Xand see. What should happen when the eexec is encountered:
X
X A new file object is pushed on the exec stack. This is the
X unencypted stream.
X
X systemdict is pushed on the dict stack. Note that this means
X you can't def anything because you can't write on systemdict!
X (Post 1.7 on the Amiga doesn't do this!)
X
X The text is decrypted and executed (see page 63 in The Black
X Book).
X
X If the currentfile is closed within the encrypted portion,
X execution resumes after the encrypted text. My program
X automatically adds this at the end of the program text.
X
XMy program should leave the new dictionary containing the encryption
Xroutines on the dict stack (and the encrypted version should also leave
Xsystemdict there). GhostScript 2.3 pops it, Adobe PostScripts don't.
XThis might be fixed in newer versions of gs. To be safe, I defined the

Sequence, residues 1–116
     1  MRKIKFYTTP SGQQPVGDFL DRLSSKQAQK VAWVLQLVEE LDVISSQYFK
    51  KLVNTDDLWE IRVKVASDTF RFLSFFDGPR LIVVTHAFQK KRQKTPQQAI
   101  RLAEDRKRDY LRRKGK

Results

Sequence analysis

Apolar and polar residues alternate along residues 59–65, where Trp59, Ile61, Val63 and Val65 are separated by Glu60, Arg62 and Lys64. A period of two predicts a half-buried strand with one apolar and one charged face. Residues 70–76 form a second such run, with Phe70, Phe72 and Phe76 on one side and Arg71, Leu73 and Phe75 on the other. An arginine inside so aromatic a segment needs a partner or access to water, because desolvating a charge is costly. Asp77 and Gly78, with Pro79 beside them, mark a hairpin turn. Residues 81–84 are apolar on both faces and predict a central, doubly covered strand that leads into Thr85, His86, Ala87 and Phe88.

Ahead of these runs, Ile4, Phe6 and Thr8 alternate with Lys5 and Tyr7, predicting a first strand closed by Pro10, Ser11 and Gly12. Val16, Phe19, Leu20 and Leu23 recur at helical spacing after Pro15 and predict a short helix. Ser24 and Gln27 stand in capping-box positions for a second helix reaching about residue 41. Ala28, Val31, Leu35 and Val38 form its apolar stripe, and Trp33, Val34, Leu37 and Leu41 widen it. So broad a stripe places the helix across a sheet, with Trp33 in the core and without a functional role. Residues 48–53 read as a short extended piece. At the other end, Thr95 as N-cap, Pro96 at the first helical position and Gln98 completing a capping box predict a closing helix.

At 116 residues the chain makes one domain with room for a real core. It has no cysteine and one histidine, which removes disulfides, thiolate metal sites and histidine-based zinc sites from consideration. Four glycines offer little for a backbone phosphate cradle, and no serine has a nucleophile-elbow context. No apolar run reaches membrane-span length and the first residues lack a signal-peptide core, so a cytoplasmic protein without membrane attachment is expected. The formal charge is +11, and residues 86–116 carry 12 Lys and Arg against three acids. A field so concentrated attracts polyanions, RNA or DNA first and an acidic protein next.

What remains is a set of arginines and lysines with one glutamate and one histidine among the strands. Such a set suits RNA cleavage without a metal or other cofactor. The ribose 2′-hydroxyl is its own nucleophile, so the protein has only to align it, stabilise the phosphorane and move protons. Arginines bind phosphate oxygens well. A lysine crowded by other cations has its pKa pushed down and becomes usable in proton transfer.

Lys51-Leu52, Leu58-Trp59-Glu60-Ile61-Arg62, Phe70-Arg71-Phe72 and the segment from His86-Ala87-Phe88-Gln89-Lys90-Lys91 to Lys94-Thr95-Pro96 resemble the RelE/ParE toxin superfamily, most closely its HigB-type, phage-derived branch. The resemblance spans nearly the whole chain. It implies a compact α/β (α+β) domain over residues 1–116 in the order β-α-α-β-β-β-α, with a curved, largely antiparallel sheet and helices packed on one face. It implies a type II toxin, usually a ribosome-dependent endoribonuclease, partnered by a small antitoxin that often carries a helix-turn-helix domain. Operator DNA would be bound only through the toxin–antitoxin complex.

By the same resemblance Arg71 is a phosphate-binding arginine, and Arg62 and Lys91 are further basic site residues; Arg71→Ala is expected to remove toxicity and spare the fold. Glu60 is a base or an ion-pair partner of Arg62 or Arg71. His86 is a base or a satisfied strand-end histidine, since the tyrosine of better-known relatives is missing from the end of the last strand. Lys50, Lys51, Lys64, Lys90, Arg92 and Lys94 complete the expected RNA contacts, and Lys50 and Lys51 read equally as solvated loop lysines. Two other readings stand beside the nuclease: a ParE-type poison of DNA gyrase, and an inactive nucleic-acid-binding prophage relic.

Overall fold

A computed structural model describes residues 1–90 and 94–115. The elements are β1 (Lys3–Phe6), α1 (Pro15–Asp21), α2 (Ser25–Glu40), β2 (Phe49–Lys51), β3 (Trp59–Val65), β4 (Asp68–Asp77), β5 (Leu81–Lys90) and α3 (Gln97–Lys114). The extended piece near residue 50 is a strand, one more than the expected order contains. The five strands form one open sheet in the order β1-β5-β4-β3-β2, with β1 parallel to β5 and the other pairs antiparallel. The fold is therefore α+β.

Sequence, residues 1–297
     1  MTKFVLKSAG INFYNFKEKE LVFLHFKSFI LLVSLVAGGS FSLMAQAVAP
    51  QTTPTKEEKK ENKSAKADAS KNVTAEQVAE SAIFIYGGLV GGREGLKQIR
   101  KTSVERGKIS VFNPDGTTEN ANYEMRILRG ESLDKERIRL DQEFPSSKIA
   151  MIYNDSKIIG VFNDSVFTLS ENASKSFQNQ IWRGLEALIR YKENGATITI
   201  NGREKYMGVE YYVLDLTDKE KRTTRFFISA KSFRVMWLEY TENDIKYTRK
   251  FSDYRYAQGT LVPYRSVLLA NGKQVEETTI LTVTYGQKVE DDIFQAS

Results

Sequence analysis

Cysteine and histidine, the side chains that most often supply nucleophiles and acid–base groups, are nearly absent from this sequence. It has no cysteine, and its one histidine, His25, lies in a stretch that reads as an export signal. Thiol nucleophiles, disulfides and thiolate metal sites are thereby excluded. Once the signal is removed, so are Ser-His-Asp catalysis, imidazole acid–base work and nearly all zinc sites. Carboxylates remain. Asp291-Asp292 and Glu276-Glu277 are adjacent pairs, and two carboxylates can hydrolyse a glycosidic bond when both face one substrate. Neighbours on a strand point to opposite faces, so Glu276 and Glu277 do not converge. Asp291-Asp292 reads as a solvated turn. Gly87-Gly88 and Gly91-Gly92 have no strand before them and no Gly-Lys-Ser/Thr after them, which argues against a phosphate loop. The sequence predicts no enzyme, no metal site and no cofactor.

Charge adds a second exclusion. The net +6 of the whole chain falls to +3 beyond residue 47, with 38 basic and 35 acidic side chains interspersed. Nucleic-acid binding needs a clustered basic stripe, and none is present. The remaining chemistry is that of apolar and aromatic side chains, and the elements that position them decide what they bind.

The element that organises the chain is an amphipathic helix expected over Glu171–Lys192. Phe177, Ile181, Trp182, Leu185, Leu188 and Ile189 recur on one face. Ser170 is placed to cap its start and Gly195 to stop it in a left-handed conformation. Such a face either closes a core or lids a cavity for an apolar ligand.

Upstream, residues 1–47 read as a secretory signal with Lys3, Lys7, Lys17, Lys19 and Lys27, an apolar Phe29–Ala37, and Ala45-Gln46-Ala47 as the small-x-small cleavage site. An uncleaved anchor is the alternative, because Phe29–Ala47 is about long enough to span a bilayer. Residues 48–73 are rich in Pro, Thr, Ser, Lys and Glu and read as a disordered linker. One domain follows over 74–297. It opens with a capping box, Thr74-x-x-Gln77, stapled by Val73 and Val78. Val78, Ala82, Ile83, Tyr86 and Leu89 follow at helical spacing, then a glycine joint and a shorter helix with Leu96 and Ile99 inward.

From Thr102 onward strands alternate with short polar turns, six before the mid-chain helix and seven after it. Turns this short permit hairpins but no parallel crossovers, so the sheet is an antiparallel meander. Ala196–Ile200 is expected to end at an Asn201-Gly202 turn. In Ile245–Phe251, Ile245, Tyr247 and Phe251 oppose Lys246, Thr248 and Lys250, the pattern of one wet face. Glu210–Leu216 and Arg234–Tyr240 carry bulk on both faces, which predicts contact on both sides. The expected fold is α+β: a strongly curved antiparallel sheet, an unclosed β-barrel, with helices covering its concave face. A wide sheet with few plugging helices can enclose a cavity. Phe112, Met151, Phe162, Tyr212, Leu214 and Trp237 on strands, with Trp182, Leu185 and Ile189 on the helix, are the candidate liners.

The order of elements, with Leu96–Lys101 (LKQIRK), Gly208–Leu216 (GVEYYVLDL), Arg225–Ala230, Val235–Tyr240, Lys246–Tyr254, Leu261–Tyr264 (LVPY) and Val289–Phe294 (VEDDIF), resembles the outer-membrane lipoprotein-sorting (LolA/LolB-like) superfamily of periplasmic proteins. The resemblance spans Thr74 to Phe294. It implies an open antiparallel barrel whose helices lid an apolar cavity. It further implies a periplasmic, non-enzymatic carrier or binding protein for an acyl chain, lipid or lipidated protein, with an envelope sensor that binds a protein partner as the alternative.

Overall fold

Xdictionary in userdict so you could begin it if it wasn't on the dict
Xstack. It'd be a little shorter if you didn't have to.
X
XBefore and after you run encode.ps, do a countdictstack
X== to see how many dictionaries are on the dict stack. Try it on
Xdifferent PostScript interpreters. Report bugs as needed. :-)
X
Xeexec encryption is usually only used for fonts, but it can be used (as
Xwe've seen) on nearly anything. Just be careful with your
Xdictionaries. If all you do is draw, you should be OK! Try writing a
Xsimple program that does some graphics and no defs and encodefile it.
XAdd code to an encoded file that interacts with the encrypted code.
X
X24#Allen is a base 24 radix number. Mostly a red herring to throw the
Xdogs off the scent. Kinky way to put in vanity info as well. :-)